Clinical aspects of Tropical Sprue

on 5.4.09 with 0 comments

Tropical sprue can have an insidious onset or can start acutely. The symptoms are those of chronic malabsorption. Generally it presents as a clinical triad of painful tongue, loss of weight and persistent abdominal discomfort with diarrhoea. Patients are noticeably tired, both physically and mentally. Amenorrhoea is very common. There is loss of weight with muscle atrophy. Hypoalbuminaemia leads to oedema.

Due to malabsorption of carbohydrates there is increased gas production in the intestines, with borborygma, a bloated feeling in the abdomen and intestinal cramps. The D-xylose absorption test is abnormal in more than 90% of cases. Fat malabsorption leads to steatorrhoea with more than 10 g of fat in the faeces. This occurs in 95% of patients. The stools are pale, very odorous and quite voluminous, up to 5 times the normal amount. Dehydration, hyponatraemia and hypokalaemia are very common.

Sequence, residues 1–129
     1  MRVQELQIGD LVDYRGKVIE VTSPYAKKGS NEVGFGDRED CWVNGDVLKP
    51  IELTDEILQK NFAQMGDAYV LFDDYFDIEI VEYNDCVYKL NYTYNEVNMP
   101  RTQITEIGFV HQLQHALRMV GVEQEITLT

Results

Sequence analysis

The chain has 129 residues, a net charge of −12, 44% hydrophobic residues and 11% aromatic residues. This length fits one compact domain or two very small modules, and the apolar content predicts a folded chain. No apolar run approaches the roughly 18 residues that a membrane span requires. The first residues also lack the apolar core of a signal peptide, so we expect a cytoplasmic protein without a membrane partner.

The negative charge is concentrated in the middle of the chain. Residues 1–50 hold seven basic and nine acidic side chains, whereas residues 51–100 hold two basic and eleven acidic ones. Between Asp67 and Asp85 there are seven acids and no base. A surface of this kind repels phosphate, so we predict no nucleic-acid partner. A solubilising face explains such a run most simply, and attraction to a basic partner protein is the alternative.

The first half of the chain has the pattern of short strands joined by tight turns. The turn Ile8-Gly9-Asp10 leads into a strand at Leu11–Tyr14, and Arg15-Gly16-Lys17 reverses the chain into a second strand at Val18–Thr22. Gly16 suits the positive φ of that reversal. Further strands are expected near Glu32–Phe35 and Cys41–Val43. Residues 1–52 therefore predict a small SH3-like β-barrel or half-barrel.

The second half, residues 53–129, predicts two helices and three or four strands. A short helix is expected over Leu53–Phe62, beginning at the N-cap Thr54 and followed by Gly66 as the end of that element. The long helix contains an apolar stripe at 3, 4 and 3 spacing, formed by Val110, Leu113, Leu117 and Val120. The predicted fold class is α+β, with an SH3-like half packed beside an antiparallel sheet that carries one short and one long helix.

Calcium deficiency may lead to tetany with positive Trousseau’s sign [in latent tetany, the occurrence of carpopedal spasms accompanied by paresthesia elicided when the upper arm is compressed (diminished blood supply), such as by a tourniquet or a blood pressure cuff. It occurs when the concentration of ionised free calcium is below a certain treshold; this concentration is pH-dependent].

Hypokalaemia leads to reduced tendon reflexes and abnormalities on the electrocardiogram. There is usually a deficiency of vitamin B12, folic acid and sometimes also iron. Anaemia occurs and is typically macrocytic with megaloblastic bone marrow.

In long-term cobalamine deficiency there may be peripheral neuritis and involvement of the spinal cord, chiefly of the dorsal columns (proprioception). The tongue is red and painful. As well as glossitis there may be stomatitis with superficial erosions.

Deficiencies in fat-soluble vitamins (A, D, E, K) lead to prolongation of the coagulation time and osteomalacia.

Vitamin A deficiency is characterised by a dry, rough skin with follicular hyperplasia and Bitot’s spots on the conjunctivae. In severe deficiency night-blindness and xerophthalmia may occur.

Category: Medical Subject Notes , Medicine Notes



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